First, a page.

Is Hell Eternal?
Or Will God's Plan Fail
By Charles Pridgeon

Chapter Thirty: The Test of Usefulness as a Divine Accrediting

The question may arise in the heart of a Christian worker, "Is it not all right to sacrifice a little frankness and truth in order to usefulness?"

The Word of God tells us to "Buy the truth, and sell it not." All truth that we really have, has cost its possessor something, and sometimes it is gained only at a great price. God bids us buy it. It is true it is "without money and without price," and yet it costs dearly; but it is always worth more than it costs. Truth to become really ours has to be held more strongly than a mere opinion or belief; beliefs have to be burned into convictions and convictions changed into life.

There is always the temptation to compromise; and when any truth is compromised or denied, it is apt to become weaker and fainter to our consciousness. God's Word says, "sell it not," for all truth is a part of Him who is the Incarnate Truth, and in selling it, to that degree, we are selling Him.

God always desires us to be tactful in the presentation of truth, but He never wants us to sacrifice it, nor to practise diplomatic falsehoods to promote His cause. There are times when one may be called upon to sacrifice greatly for some truth; but if done unto God in the spirit of joy and faith, it always yields its ''hundredfold," and that kind of truthfulness is always one of the secrets of power: we might say, a rare secret of power.

It is contrary to heavenly wisdom to prefer a present profit to a future good. In fact, he who is not looking for profit at all, but only at what will please God--that man has already the greatest profit in a more intimate fellowship with God. And he who has the most intimate fellowship with God, will have the life of greatest usefulness, whether he or the world knows it. Any other principle of life and action always sells its birthright for a mess of pottage.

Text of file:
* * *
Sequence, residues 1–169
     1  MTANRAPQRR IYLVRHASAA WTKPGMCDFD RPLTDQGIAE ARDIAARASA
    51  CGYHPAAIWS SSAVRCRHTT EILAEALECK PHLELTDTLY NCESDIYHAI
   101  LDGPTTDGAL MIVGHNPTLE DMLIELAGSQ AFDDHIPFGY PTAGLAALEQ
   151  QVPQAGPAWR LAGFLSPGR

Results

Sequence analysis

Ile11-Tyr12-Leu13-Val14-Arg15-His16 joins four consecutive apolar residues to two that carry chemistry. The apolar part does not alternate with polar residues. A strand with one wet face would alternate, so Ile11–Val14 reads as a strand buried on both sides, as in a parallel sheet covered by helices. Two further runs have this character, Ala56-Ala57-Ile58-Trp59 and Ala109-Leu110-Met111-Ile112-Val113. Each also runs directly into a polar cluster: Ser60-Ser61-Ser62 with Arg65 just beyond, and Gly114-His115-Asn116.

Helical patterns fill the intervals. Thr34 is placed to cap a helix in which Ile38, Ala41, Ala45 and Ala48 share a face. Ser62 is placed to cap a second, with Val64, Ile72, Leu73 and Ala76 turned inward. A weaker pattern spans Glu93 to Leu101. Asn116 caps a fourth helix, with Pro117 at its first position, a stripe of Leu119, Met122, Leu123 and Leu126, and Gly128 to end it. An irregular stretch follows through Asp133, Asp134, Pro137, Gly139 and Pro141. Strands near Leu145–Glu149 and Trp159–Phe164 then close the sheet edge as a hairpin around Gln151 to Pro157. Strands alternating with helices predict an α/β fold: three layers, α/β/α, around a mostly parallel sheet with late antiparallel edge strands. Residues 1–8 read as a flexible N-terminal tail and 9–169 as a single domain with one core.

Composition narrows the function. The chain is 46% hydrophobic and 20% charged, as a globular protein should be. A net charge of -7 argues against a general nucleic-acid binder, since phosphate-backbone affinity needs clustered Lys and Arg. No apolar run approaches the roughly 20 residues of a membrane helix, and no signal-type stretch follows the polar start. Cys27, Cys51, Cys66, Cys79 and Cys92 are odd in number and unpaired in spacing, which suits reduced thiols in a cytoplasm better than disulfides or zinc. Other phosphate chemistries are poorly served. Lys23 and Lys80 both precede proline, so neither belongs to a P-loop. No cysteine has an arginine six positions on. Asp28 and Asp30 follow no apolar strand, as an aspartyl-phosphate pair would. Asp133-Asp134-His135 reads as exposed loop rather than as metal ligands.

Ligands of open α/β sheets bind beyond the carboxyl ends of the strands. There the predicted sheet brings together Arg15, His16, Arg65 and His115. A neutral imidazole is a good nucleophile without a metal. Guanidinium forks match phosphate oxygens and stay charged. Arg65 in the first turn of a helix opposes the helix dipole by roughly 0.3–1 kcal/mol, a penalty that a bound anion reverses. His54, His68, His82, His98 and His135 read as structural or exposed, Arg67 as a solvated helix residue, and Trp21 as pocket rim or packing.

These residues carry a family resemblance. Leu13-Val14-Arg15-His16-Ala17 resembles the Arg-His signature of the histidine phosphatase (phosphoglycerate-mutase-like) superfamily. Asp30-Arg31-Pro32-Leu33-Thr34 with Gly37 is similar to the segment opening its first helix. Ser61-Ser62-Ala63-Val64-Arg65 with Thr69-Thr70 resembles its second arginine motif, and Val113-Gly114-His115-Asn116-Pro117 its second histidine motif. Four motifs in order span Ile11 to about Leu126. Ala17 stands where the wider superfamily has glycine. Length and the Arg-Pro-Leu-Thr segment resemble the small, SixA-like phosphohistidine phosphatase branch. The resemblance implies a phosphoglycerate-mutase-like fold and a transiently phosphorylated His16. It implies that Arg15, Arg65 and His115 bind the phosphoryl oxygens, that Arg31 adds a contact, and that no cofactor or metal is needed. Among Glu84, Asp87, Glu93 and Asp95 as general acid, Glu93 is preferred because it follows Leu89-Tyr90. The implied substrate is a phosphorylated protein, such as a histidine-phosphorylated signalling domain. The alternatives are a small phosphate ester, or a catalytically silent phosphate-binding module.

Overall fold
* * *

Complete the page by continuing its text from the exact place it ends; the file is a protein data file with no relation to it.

We will give two illustrations from real life.

Hannah Whitall Smith is the well-known author of that book that has been helpful to hundreds of thousands, The Christian's Secret of a Happy Life. It is not so generally known, but Mrs. H.W. Smith was a strong believer in the ultimate salvation of all. We quote several extracts from her Spiritual Autobiography:

"As was to be expected in those days, my views on restitution, which of course I had speedily announced, met with a great deal of disapproval . . . And, as a fact, these very views, and the frank confession of them under rather trying circumstances, were the means of opening the way for some of our most important and successful work."

"It came about in this wise. In 1873 my husband had come over to England to hold some meetings in the interests of the Higher Life, or, what I prefer to call it, the Life of Faith. I soon followed him, and upon my arrival in London I was invited to meet a company of leading Evangelical ladies, who were to decide as to whether it would be safe for them to endorse me, and lend their influence to the work. The occasion has thus been described by Lady Mount Temple, who was one of the party, in her life of Lord Mount Temple:

"I think it was in 1873 that Mr. Pearsall Smith came to England from America, followed in a few months by his dear, beautiful wife. It was a time long to be remembered. They came full, one may say, of the new wine of the Spirit, and longed to help others onward in the Divine life. A friend asked us to lunch to meet them. I shall never forget my first sight of Hannah Smith.  We called her the 'angel of Churches," and she looked like one, with her golden hair and clear beautifully cut face, in a dress distinctly her own, but simple as that of the Friends, among whom she had been brought up.

"I may mention what strongly drew' me to her that day. I must confess that I was only a seeker after truth. Hannah was sitting in a little circle of excellent orthodox friends, who had assembled to hear of the good things that she had to impart, and she was there on her examination.

"She happened to have seen a funeral in the street, and as she spoke of it, we all put on the conventional look of sadness. 'Oh,' she said, 'when I meet a funeral I always give thanks for the brother or sister delivered from the trials and pains of this mortal state.' How wonderful, I thought, and I could not help exclaiming, 'Is that possible? Do you feel this about everybody? I was indeed an enfant terrible.  She stopt a moment and looked around. She was amongst a party of evangelicals at a time when the universal hope was deemed a heresy, and she was on her trial. She owns that she went through a few moments of conflict. But truth prevailed, and looking up, with her bright glance, she said, 'Yes, about everybody, for I trust in the love of God.'* I yielded my heart at once to this manifestation of trust and love and candor."

*See Chapter on the Unselfishness of God, page 202.